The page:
If you have been diagnosed with dementia, here are some suggestions that can make a positive difference in living with dementia.
1. Write things down
Make lists of what you need to do and where things are. Keep a diary and get into the habit of checking it regularly. The diary can be for future appointments and also serve as a journal for remembering what you have done.
2. Use a wall calendar
Keep it in a place such as on your fridge where you will see it every day. The calendar can be used as large diary (as above) or simply as a reminder of the date.
3. Have a regular, set place for important things
Decide where you want to keep money, keys or glasses and always keep them in that same place. This will reduce the chances of you not being able to find important things when you need them.
4. Organise your wardrobe
Put your clothes away in a wardrobe as complete outfits. For example, put the shirt with the trousers you want to wear. This will help you save time getting ready in the mornings.
5. Use picture prompts around the home
For example, you could use a picture of plates and cutlery on the cupboard or drawer where you keep these. You could put a picture of keys and wallet or purse on the inside of the front door to remind you to take these items with you as you leave the house.
6. Develop a routine for yourself
You may find everyday tasks easier to remember and do if you have a regular way of doing things at a particular time of the day.
7. Set up direct debits and standing orders
Save yourself time and effort of remembering to pay bills by asking your bank to set up direct debits or standing orders for all your regular bills such as gas, electricity, telephone.
8. Slow down
Give yourself extra time to complete daily tasks to avoid stress.
Use timers to check on cooking or change a load of washing.
If you are taking medicine, ask your pharmacist or GP about help with remembering to take it on time.
Some specialists recommend drinking more water for better hydration. Good hydration can prevent infection, aid sleep and prevent falls.
12. Take care of your physical health
Eat nutritious food, exercise regularly and take medication as prescribed. Have regular eye, hearing and health checks.
13. Speak to a professional
Make sure that you have someone to talk to about your feelings and about your illness. There are support groups and professionals available to help you. Please speak to your GP and local professional support organisations in the first instance.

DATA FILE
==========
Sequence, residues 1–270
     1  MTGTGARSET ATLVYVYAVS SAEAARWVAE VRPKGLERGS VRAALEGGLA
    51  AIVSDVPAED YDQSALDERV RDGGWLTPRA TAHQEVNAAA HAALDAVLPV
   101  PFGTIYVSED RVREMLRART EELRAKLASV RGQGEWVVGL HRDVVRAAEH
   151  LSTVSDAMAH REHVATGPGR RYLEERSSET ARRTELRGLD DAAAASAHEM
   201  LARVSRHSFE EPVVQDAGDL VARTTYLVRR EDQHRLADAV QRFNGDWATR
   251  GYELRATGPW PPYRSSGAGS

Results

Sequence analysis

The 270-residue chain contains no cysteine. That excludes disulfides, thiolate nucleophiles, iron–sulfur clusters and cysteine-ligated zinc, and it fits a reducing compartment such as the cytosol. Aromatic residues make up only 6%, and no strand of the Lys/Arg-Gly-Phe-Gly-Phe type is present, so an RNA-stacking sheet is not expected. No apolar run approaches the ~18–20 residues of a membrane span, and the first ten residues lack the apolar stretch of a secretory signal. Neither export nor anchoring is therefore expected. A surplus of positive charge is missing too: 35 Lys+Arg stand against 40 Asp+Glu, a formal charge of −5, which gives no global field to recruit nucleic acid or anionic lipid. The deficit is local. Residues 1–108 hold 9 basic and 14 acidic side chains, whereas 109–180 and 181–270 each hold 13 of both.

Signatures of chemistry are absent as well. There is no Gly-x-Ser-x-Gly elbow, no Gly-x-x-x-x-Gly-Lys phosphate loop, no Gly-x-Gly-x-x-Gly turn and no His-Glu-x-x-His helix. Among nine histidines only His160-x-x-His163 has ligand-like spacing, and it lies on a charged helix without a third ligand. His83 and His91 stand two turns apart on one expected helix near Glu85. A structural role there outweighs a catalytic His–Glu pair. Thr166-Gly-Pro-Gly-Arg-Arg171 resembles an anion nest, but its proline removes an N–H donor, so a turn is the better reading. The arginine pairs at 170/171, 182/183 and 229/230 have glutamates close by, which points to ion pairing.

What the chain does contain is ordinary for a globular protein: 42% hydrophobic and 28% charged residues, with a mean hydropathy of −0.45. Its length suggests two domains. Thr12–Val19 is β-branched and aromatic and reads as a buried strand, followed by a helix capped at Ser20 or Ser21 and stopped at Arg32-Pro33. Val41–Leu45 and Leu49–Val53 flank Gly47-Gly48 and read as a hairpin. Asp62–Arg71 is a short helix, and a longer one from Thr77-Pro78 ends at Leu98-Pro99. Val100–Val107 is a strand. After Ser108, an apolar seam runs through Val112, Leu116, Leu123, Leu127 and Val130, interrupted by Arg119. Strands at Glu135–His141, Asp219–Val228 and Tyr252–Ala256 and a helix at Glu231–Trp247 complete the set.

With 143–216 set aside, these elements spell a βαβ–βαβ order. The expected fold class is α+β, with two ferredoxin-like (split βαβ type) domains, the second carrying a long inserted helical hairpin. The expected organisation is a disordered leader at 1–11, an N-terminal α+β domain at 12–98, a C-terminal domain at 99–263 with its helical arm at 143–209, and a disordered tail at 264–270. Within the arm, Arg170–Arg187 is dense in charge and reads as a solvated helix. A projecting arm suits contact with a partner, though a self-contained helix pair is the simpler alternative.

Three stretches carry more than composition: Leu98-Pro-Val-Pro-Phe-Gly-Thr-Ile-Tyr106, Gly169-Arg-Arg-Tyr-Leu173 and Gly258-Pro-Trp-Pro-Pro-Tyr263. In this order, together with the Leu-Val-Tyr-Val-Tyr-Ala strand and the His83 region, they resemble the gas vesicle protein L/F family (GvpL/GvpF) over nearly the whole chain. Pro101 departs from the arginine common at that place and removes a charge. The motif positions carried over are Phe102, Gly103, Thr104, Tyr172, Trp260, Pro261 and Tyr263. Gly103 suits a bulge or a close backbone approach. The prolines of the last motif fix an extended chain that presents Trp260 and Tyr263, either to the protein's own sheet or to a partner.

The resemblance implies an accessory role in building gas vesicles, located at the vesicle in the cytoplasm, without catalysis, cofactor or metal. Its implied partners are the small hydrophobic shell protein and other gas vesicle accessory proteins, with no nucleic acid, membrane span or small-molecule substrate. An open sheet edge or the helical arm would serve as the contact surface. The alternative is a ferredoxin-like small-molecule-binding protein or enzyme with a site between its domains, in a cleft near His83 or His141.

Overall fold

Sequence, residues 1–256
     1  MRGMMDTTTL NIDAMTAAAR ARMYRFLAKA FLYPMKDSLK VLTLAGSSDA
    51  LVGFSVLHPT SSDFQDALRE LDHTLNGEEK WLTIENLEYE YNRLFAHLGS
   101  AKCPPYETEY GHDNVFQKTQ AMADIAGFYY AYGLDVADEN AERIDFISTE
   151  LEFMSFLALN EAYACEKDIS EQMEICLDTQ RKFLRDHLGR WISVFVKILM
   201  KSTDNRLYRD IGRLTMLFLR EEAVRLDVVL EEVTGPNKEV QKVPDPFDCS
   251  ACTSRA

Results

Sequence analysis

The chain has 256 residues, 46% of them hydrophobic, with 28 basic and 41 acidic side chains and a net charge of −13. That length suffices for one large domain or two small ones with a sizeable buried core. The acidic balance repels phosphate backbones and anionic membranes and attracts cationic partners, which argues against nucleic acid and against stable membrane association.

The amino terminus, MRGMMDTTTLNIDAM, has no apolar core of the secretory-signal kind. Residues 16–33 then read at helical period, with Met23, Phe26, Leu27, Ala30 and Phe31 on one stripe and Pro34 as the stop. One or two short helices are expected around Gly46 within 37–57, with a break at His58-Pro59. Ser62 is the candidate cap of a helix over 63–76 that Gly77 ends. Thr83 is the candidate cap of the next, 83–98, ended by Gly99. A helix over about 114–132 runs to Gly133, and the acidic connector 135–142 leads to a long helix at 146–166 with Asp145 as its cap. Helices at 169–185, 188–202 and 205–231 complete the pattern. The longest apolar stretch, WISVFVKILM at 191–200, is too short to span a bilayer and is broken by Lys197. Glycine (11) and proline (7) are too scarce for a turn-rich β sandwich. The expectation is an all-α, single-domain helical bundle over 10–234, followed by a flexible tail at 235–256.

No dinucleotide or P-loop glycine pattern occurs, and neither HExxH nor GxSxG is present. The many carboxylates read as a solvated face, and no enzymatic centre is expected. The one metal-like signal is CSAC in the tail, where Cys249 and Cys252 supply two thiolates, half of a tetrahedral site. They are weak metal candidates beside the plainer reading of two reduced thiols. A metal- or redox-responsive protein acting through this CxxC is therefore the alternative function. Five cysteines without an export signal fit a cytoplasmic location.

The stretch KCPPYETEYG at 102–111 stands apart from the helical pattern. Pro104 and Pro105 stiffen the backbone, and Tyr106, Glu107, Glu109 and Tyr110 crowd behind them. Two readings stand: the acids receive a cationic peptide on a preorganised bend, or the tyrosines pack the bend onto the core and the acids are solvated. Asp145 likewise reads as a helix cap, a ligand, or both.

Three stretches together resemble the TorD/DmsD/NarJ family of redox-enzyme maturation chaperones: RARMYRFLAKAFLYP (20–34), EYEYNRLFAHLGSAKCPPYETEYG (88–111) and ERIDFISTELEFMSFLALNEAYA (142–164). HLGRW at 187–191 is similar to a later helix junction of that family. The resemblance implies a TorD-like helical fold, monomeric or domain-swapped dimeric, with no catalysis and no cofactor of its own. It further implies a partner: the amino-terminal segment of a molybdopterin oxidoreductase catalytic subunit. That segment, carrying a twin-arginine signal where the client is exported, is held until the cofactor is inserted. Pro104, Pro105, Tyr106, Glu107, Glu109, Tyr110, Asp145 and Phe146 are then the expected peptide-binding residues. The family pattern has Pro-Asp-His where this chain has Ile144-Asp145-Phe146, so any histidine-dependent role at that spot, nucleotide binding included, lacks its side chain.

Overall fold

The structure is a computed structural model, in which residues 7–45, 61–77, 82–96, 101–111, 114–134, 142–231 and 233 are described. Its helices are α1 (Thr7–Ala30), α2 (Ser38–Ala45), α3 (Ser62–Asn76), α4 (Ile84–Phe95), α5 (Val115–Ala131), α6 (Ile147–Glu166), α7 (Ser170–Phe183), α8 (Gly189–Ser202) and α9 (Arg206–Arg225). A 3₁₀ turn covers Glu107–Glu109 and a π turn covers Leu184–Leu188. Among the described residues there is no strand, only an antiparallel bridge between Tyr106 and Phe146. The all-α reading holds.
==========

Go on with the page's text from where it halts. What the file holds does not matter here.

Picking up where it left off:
14. Ask for help and accept it
Ask for help from personal and professional contacts wherever you can and accept the help. The assistance provided will help make the change that dementia brings more manageable.
15. Learn how to relax and manage stress
Stress is a major contributor to high blood pressure and heart disease so it’s helpful to know relaxation and stress reducing techniques.
Maintain your social life as best as you can, keeping in touch with friends and family. If they find it hard to know what to say or do, explain that you still need to see them and stay in touch. Tell people you have a memory problem and ask people to repeat or explain things. Speak to other people living with dementia by attending a local dementia day or support centre or support group.
17. Have more fun
Laughing, playing and enjoying yourself are great ways to reduce stress and worry. Having fun can inspire lifestyle changes that prevent strokes and compensate for memory problems.
18. Focus on what you can do
Whilst dementia is a progressive illness and there will be things that you will not be able to do as the illness advances, focus on the things you can still do and enjoy at every stage of the illness.
19. Be kind to yourself
If you get frustrated when things aren’t going well, be kind to yourself and realise that the illness is causing problems. You are more than your illness.
20. Get a good night’s sleep
Sleep deprivation and stress are thought to affect the proper functioning of the brain cells. Therefore, try to get enough rest and avoid stressful activities.
If you are concerned about your health or that of someone of you care for please consult a qualified health and social care professional, such as your GP, in the first instance.